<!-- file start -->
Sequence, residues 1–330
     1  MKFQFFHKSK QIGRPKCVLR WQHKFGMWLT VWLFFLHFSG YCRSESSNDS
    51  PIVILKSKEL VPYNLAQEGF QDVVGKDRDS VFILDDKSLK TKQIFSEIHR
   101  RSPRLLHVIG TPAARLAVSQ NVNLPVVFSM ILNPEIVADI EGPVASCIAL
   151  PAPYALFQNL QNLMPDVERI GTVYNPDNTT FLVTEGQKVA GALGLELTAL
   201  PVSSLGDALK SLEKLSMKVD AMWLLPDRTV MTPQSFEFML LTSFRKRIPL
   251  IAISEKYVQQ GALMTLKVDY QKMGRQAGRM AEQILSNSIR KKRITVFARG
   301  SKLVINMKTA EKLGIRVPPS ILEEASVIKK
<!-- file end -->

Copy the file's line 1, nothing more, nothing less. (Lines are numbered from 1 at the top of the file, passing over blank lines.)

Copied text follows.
Sequence, residues 1–330